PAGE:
We always think we can’t go any further. We almost always can. If your children begin to experience the feeling of wanting to stop, and then realizing it’s possible to go, life will be easier.
3. Require them to finish what they start when it counts.
No one finishes everything they start. In fact, marketing guru Seth Godin says that winners know just the things to finish and just the things to stop that hold them back. But, he says, we all reach a “dip.” The dip is where we begin to feel it’s not worth it, there’s no point, and we’d just as well quit. It’s in the dip that we must push through and persevere.
If they’ve finished an art project that has a start and finish (not just random coloring), require your child to finish it. It is, after all, fun not torture. If they ask you to read a book then want to switch halfway through, don’t. Read that book next if you want, the goal isn’t to deprive, but begin to model carrying through for them.
4. Know that falling down, failing, and wanting to give up are not signs of deficiency, they’re signs of humanity.
I consider myself a self-confident person. Not because I’m always right and never make mistakes. Pa ha ha ha ha. I’ve failed, made big mistakes, made myself look stupid, gotten lost, given up, and asked God to just go ahead and take me to heaven. I’ve done all this many times. And yet… I’m still here. I’m made of sterner stuff than throwing in the towel. All of these things are inevitabilities in life, and this is the exact reason we must learn to persevere. Our children will fail. They’ll fall down. They’ll want to run away and hide. The goal is to teach them that – after all this – they can keep going.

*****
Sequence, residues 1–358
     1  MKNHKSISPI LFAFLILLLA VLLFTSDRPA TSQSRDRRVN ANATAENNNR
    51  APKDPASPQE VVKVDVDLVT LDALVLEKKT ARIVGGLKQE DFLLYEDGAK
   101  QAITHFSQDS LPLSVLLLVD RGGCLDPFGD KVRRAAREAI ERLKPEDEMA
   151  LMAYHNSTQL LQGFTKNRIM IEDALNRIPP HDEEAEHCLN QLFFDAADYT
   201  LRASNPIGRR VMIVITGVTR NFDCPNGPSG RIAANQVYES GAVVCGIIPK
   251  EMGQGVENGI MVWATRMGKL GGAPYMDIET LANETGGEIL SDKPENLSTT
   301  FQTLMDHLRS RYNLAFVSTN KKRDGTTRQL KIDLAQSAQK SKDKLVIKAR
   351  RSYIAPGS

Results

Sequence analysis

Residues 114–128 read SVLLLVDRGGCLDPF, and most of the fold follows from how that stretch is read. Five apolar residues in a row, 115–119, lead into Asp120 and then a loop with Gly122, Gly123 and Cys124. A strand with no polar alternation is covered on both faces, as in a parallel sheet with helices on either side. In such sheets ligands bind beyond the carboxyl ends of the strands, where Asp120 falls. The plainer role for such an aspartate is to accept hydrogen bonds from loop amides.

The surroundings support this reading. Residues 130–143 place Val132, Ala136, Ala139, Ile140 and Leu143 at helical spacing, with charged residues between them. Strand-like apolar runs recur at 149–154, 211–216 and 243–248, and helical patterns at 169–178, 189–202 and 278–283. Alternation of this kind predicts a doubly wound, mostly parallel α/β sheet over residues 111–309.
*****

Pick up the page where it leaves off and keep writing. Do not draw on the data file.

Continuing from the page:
“Never confuse a single defeat with a final defeat.” – F. Scott Fitzgerald
Perseverance is both a positive character trait and an act of the will. Sure, some people have personalities that make perseverance easier, but I believe it is something we can teach our children regardless of their temperaments. Mothers, believe me when I say that people without perseverance lack self-confidence and security. As the cycle continues, this lack of self-confidence keeps them from jumping out and trying new things or solving problems. They feel paralyzed and fearful they aren’t enough or they can’t do it. This is not because they can’t do it, but simply because they haven’t proven to themselves they can.
Aside from the gift of eternal life, if there’s one thing I want to teach my children it is this principle. You must not give up. You can take a pitstop and have a team come out and help change your tires. You can sit by the side of the road and let someone wrap your twisted ankle. You can cry on your mother, sister, or friend’s shoulder. You can despair of life, feel your heart ripping open, and wonder how you are still alive. Then, with God’s help, you can keep going.
“I am a slow walker, but I never walk back.” Abraham Lincoln
Each of us have our own personality, temperament, and giftings. And, the truth is, we parent best when we work with these instead of against them. Take this assessment so you can work to your strengths, and be the mom you want to be for yourself and your children.